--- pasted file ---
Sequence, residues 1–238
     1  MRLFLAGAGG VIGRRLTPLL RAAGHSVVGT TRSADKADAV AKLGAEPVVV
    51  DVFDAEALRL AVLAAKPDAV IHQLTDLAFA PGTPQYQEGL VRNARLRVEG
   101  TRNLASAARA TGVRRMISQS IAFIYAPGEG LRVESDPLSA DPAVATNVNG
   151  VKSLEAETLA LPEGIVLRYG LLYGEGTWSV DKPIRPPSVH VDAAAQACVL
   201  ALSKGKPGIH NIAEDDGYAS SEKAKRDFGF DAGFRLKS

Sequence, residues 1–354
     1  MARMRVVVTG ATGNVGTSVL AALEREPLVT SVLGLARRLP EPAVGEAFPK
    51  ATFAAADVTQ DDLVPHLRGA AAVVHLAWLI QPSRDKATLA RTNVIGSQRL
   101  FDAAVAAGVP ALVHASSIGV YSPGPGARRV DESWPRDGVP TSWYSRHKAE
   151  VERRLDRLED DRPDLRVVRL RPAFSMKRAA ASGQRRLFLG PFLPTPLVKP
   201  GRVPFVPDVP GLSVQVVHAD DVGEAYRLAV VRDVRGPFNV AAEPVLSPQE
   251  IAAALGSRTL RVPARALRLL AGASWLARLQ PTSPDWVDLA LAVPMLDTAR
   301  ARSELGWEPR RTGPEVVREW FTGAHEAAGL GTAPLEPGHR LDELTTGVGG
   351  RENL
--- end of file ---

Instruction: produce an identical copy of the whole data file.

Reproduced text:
Sequence, residues 1–238
     1  MRLFLAGAGG VIGRRLTPLL RAAGHSVVGT TRSADKADAV AKLGAEPVVV
    51  DVFDAEALRL AVLAAKPDAV IHQLTDLAFA PGTPQYQEGL VRNARLRVEG
   101  TRNLASAARA TGVRRMISQS IAFIYAPGEG LRVESDPLSA DPAVATNVNG
   151  VKSLEAETLA LPEGIVLRYG LLYGEGTWSV DKPIRPPSVH VDAAAQACVL
   201  ALSKGKPGIH NIAEDDGYAS SEKAKRDFGF DAGFRLKS

Sequence, residues 1–354
     1  MARMRVVVTG ATGNVGTSVL AALEREPLVT SVLGLARRLP EPAVGEAFPK
    51  ATFAAADVTQ DDLVPHLRGA AAVVHLAWLI QPSRDKATLA RTNVIGSQRL
   101  FDAAVAAGVP ALVHASSIGV YSPGPGARRV DESWPRDGVP TSWYSRHKAE
   151  VERRLDRLED DRPDLRVVRL RPAFSMKRAA ASGQRRLFLG PFLPTPLVKP
   201  GRVPFVPDVP GLSVQVVHAD DVGEAYRLAV VRDVRGPFNV AAEPVLSPQE
   251  IAAALGSRTL RVPARALRLL AGASWLARLQ PTSPDWVDLA LAVPMLDTAR
   301  ARSELGWEPR RTGPEVVREW FTGAHEAAGL GTAPLEPGHR LDELTTGVGG
   351  RENL